Normal Approach and Landing


Gain the skills associated with a normal approach and landing with emphasis on proper use and coordination of flight controls.


This is the required reading for this lesson. Numbers in [brackets] indicate the starting and ending page in the referenced reading material. Read all the pages and sections referenced.


The notes below highlight the important parts in the referenced material. Reading the notes without having read the actual referenced material is generally not sufficient to pass the written exam!

AFH - Chapter 8 and 12

  • Normal approach
    • Base: 1.4 VS0, partial flaps (full flaps not recommended)
    • Final: 1.3 VS0, final flaps, aim for center of first 1/3 of runway.
    • Flare: 10-20 feet above ground, idle power, gently raise nose while descending
    • Touchdown: Touchdown at stall speed, hold nose wheel up and gently lower as speed decreases
    • After-landing roll: Continue "flying" the airplane as it rolls out; maintain control and centerline during rollout.
  • Stabilized approach
    • A landing approach in which the pilot establishes and maintains a constant angle glidepath towards a predetermined point on the landing runway.
    • Maintain constant speed and rate of descent toward aiming point.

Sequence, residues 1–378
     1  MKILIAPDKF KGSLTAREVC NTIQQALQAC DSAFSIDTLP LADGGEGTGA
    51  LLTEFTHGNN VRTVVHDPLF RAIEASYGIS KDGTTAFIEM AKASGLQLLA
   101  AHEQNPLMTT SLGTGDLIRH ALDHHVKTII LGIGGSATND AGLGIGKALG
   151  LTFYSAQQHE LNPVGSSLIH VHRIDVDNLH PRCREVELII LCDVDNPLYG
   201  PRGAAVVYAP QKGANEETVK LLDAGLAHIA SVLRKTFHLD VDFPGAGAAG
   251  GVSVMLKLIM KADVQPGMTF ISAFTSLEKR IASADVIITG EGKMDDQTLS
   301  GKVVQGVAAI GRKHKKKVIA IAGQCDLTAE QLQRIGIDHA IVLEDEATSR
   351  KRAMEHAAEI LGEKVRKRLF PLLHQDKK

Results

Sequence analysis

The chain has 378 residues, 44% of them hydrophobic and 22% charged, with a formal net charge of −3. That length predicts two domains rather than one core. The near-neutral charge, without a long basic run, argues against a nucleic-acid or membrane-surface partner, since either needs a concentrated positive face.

• Trim for steady pitch, power, and airspeed.
  • Ground effect
    • Within one wingspan of the ground, drag is reduced and the aircraft's performance appears to increase. (This is often the cause of "floating.")
  • Crosswind correction: 2 methods
    • Crab Method:
      • Turn aircraft into the wind, wings level to maintain a straight path toward the runway.
      • Remove crab angle just prior to touchdown to align with runway.
      • Be careful to avoid sideways drift while removing the crab angle! (See below method.)
    • Wing-Low (Sideslip):
      • Align the airplane's nose with the centerline of the runway using rudder.
      • Use aileron to lower the wing into the wind to stop drift.
      • This requires opposite rudder and aileron direction.
    • Roundout and touchdown:
      • Controls become less effective as speed decreases. Increase control deflection as speed decreases.
      • Touchdown is made on the upwind main wheel.
  • Turbulent Air Approach and Landing
    • Avoid full flaps and use partial flaps.
    • Increase approach speed by one-half the wind gust factor.
    • Only reduce throttle to idle after main wheels contact surface.
    • Landing attitude is intentionally flat - just high enough to prevent the nose wheel from hitting the runway.

Chapter 15

  • Reverse thrust is not used in establishing the certified landing distances; however, reversers should definitely be used in service
  • Landing Speeds
    • VFS - Final segment of a departure with one powerplant failed
    • VSO - Stall speed in the landing configuration
    • VREF - 1.3 times the stall speed in the landing configuration
  • Jet airplanes are not as responsive to power and course corrections, so the final approach must be more stable, more deliberate, and more constant Typical approach and landing profile.
    Figure 1. Typical approach and landing profile.
    Stabilized approach.
    Figure 2. Stabilized approach.

Tomas Hansson (This email address is being protected from spambots. You need JavaScript enabled to view it.)
Chief Flight Instructor, VATSTAR
DISCLAIMER: all information contained herein is for flight simulation purposes only.
March 2021

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